On Lyonne: A Frame blouse, Jennifer Fisher earrings, and her own pants. On Mar: A Frame button-up and her own jewelry. Photographed by Johnny Miller.
Serves 6

"If I get food products on my Gucci slippers, I’ll be upset,” says Natasha Lyonne cheekily, her white leather slides and pointy Nicki Minaj-inspired nails revealing that she doesn’t spend much time in kitchens. “I’m an eater, not a cooker. I flirted with cooking when I was younger, but I’ve aged into somebody who knows better.”

Lyonne may excel in her trade—she started acting as a child, and her most recent role, as inmate Nicky Nichols on Netflix’s hit TV series Orange Is the New Black, garnered her a Golden Globe nomination—but she admits that cooking is not her strong suit. She is inspired, though, by New York chef Angie Mar, who owns The Beatrice Inn. The actress says she hasn’t felt this good about being in a kitchen since helping out OITNB co-star Uzo Aduba's family one Thanksgiving. “I was like, this is what cooking is all about.” Mar can relate: “My best childhood memories start at the dinner table,” she says. “What drives me now is creating not only really great food but also a really great atmosphere.” 

VIDEO: Watch The Orange Is The New Black Star Learn How to Make Angie Mar's Fried Chicken

Today, Mar is teaching Lyonne how to cook her crowd-pleasing buttermilk fried chicken with spicy honey, typically offered only as a late-night snack on the bar menu. Fried chicken is advanced for Lyonne, but she is game to learn from Mar, who has started battering with a quick wrist flick. “The chicken goes in the flour, then the buttermilk, then back in the flour.” Next, Lyonne narrates her turn like a director: “Shaking it off, boom, boom, and into the buttermilk it goes,” she says, her voice blaring through the tiny kitchen space. 

Lyonne remembers hanging out at The Beatrice Inn when it was a wildly popular nightclub with a legendarily tough door policy. Years later, former Vanity Fair editor-in-chief Graydon Carter turned The Bea into a restaurant and hired Mar. In a major move, she bought it from him, transformed the space into a funky chophouse haunt, and earned herself a spot on Food & Wine’s Best New Chef list in the process. With all her success, it’s hard to believe that Mar is a late bloomer. She used to work in real estate but aspired to cook like her father, a home cook who taught Mar all the tricks of the trade.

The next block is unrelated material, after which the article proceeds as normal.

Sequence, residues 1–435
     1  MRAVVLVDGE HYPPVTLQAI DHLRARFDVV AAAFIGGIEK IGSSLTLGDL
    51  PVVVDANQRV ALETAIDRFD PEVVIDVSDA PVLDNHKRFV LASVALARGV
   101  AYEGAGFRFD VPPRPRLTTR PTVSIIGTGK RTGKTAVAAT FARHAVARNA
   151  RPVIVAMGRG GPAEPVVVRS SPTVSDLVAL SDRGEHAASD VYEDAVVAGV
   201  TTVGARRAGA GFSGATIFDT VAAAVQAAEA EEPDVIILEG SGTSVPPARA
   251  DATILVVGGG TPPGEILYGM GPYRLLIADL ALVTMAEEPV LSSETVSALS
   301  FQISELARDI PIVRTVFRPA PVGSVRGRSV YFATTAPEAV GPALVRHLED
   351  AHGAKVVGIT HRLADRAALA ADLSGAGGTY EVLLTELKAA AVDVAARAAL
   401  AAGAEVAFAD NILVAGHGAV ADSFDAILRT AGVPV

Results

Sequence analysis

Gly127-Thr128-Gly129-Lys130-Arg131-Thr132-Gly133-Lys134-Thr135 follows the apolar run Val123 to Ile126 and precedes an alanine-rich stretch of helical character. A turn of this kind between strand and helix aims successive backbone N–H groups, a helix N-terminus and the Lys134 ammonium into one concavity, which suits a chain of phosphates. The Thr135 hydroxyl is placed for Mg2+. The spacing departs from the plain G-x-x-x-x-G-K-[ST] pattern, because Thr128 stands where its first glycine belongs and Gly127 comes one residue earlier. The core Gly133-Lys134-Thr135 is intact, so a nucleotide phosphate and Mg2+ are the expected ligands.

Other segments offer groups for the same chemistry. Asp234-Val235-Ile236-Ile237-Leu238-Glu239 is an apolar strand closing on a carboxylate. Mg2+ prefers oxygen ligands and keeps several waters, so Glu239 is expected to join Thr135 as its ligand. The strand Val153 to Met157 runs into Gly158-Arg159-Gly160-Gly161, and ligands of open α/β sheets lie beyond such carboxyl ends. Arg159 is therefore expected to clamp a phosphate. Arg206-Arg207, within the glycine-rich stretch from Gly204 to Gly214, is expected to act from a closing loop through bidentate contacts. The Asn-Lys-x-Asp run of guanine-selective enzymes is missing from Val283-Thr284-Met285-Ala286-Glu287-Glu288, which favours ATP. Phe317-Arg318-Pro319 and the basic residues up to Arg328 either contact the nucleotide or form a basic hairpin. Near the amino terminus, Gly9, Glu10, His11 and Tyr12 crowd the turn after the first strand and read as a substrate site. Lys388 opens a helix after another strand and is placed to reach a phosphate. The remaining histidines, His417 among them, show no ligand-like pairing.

Credit: On Lyonne: A Frame blouse, Jennifer Fisher earrings, and her own pants. On Mar: A Frame button-up and her own jewelry. Photographed by Johnny Miller. 


After prepping the chicken, the pair pause to look at their handiwork. “Mine looks like Play-Doh. Yours looks delicious,” Lyonne says, her fingers covered in flour. Once the chicken is fried, Mar starts drizzling on her spicy honey sauce, and Lyonne can’t hide her excitement. “Angie’s changing all my feelings on cooking,” she says. “There’s something about her casual, cool nature that’s making me think I want this in my life.”

Photographed by Johnny Miller. Sittings editor: Ann Jacoby. Hair: Chris Naselli. Makeup: Deanna Melluso. 

For more stories like this, pick up the August issue of InStyle, on newsstands and available for digital download now.

Credit: Johnny Miller/Edge Reps

Angie Mar's Fried Chicken

How to Make It

1. Arrange chicken on a sheet tray and season heavily on all sides with salt.
2. Set aside for three hours to cure (1½ hours in the refrigerator and 1½ hours at room temperature).
3. In three medium mixing bowls, set up a dredging station: Fill two bowls with an evenly divided mixture of flour, salt, and cayenne and the third bowl with buttermilk.
4. In a fryer or large heavy-bottomed pot, bring the oil to 325° F.
5. Dip and evenly coat each piece of chicken in the first bowl of flour mixture, shaking off the excess. Dip in buttermilk, then in the second flour mixture.
6. Transfer to a baking sheet with a wire rack and repeat until all chicken is dredged.
7. One piece at a time, drop as much chicken as will fit into the hot oil, shaking the pot slightly so the pieces don’t stick together. Cook about 15 minutes, turning occasionally, until golden brown and crispy.
8. Transfer pieces to another wire rack and lightly season with salt while they’re still hot. Repeat with remaining chicken, then plate.
9. With a spoon, lightly drizzle hot honey over the chicken. Season with a pinch of smoked sea salt and serve. 
For spicy honey: Combine honey and hot sauces in a small pot over medium heat and barely bring to a simmer; remove from heat. 

Restaurant Source

The Beatrice Inn

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